Mark This Down – some thoughts from Pastor Mark (Kindness in the Parking Lot)


Kindness in the Parking Lot


Ephesians 4:32 (ESV)
Be kind to one another, tenderhearted, forgiving one another, as God in Christ forgave you.

A couple of weeks ago, I was in the Walmart parking lot, masked and gloved, having finished my shopping for necessary items. I loaded my things into the van and I heard a voice behind me saying, “Let me take that cart for you.” Surprised, I said “Thank you!” hoping I showed my gratefulness through my mask.

A grocery store can be a difficult place to find kindness. If there’s any place in the world where you are focused on yourself, it’s at the grocery store. And when you are focused on yourself, others and their needs seem to carry no weight. In the early days of the toilet paper shortage, we saw news reports of violence in the store aisles.

Now, this is not going to be a moralistic appeal for everyone in our community to start being kind. Frankly, the capability is not really there. I don’t mean to be pessimistic, but philosophers have been teaching people to be kind for centuries. Listening to the radio, I have heard a blog called “The Kindness Revolution.” The author wrote a bestselling motivational book which large corporations like Chick-fil-A and L.L. Bean have used to improve their customer service and thereby, their bottom line. And it works. Treat people well, and, lo and behold, they come back to your store.

I think we saw an example of that when a restaurant opened in Fowlerville. For some time after they opened, the staff went out of their way to be friendly and helpful. It was a joy to get a burger there. We kept going back. But, after a few months, I went in on a Saturday night and a glum looking teenager handed me my bag with a gruff, “There you are.” I said to myself, “Ok, back to normal.”

My point is that what is needed is not a motivational book, or good management (though they can be very helpful as far as they go). What is needed is Christ. People without Christ need Him for far more than behavioral change. They need to be rescued from the eternal penalty of their sins. And when they experience that, they enter a new life.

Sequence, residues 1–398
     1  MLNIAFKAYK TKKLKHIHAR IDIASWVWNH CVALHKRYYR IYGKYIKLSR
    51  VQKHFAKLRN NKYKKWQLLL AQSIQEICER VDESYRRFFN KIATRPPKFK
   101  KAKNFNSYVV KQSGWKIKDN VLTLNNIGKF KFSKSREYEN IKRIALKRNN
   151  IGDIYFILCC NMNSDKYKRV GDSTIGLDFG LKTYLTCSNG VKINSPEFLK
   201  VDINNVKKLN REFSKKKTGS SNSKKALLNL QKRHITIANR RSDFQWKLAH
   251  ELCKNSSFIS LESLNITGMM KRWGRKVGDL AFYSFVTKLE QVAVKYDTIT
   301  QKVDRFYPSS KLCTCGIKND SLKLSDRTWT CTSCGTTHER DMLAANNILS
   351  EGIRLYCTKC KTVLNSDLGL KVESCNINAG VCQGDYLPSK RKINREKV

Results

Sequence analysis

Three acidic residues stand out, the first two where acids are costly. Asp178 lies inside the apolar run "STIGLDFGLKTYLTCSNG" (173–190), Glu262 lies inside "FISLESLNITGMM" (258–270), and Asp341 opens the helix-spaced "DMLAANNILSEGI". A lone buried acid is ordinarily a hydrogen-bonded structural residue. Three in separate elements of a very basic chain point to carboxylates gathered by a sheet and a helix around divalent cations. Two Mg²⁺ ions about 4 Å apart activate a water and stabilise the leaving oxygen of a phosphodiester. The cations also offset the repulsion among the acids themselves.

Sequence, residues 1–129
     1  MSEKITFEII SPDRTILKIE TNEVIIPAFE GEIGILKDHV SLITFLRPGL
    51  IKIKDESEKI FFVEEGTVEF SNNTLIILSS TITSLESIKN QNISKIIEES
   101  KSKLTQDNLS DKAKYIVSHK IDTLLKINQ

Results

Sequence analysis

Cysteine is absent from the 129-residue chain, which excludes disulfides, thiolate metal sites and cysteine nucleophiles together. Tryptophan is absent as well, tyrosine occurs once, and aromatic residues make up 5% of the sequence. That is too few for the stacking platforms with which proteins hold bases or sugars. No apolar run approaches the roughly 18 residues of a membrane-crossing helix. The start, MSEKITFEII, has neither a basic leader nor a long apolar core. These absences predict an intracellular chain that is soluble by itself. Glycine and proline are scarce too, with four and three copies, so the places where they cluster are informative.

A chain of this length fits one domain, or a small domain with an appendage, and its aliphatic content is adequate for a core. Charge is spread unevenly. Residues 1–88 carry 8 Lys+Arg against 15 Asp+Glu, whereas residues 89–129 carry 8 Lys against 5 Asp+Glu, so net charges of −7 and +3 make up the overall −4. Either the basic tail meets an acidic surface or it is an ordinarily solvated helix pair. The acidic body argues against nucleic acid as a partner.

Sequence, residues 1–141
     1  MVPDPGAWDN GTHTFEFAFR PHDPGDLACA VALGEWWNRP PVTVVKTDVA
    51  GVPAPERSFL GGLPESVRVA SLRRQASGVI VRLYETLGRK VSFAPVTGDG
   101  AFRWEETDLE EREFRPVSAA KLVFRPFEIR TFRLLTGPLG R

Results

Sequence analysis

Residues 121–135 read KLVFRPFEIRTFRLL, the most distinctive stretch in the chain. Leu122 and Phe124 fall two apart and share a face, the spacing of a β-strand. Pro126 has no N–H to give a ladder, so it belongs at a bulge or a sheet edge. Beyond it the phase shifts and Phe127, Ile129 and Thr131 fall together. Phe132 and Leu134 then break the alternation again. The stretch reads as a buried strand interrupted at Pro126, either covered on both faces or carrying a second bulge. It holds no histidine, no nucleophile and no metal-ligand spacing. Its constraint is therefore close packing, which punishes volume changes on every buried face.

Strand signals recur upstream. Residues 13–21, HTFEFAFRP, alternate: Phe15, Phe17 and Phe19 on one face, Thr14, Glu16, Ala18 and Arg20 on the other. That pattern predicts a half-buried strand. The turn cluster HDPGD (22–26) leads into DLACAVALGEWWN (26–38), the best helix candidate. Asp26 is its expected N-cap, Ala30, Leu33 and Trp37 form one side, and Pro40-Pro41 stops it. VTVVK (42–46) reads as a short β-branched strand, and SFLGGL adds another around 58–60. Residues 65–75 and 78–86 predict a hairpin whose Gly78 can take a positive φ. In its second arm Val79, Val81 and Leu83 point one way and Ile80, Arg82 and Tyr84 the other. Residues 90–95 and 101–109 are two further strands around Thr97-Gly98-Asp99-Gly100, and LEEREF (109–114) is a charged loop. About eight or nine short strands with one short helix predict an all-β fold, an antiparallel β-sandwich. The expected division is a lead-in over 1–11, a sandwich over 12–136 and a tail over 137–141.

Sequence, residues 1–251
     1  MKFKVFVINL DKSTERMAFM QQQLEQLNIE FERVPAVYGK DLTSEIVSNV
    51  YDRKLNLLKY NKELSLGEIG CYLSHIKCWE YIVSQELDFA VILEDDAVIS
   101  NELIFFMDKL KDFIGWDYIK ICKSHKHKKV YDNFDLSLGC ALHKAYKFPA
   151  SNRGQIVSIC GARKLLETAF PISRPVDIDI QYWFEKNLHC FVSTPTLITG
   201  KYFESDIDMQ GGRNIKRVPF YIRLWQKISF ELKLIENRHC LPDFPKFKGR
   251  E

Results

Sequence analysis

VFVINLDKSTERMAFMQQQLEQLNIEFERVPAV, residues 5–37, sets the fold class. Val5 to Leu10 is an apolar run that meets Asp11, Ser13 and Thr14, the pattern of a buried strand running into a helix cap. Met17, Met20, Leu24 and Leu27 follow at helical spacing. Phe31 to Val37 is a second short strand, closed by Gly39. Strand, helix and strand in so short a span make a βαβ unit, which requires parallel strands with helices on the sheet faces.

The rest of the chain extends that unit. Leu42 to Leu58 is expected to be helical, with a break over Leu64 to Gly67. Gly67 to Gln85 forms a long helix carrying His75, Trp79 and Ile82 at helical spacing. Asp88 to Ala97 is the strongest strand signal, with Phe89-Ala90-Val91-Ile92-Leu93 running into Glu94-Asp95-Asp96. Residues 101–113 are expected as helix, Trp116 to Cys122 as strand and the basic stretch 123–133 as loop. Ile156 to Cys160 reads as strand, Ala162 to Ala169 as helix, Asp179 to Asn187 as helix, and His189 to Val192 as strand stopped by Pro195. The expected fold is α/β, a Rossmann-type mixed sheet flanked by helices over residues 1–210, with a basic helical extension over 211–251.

However, entering that new life is not smooth sailing. Christians need to grasp fully the riches of what we are in Him. For the life we need to live—the life we can live—is His life. And the power to live that life is His power.

Where we fall down in matters of kindness is when we try to practice it in our own strength, much like the restaurant that, after a few months, had lost its customer service zeal. It just isn’t in human nature to practice it without constant supervision.

The power to practice kindness is not in outward controls, but the inward power of the Holy Spirit. Two sentences before verse 32, Paul says, And do not grieve the Holy Spirit of God, by whom you were sealed for the day of redemption. We look at that statement as if it is one of several projects to work on—like being kind. It’s not, it’s central to being kind. In fact, the power of the Holy Spirit is central to all the Christian life.

In Galatians 5, Paul’s subject is the true method of living out the Christian life. And the key statement is verse 16. But I say, walk by the Spirit, and you will not gratify the desires of the flesh. J. I. Packer translates it, keep in step with the Spirit. It’s not a great mystery, it’s walking with God. It involves an open Bible, a praying heart, and a surrendered will. It’s day by day, moment by moment, step by step, growing in grace, growing in us the character of our new life—the character of Jesus Christ. What is He like? Galatians 5:22 … the fruit of the Spirit is (among other things) … kindness.

I said that this is not a moralistic appeal for everyone in our community to start being kind. It’s a call for Christians to put their best effort into keeping in step with the Spirit. For when we are like Christ, we can be kind, even in the pressure cooker of the grocery store.

I wondered later if the kind man in Walmart’s parking lot was a Christian, if he was simply doing what Christians do when Jesus is living His life out through them. That kindness is what a sick world needs.

Think about it!

Just a brother, Pastor Mark


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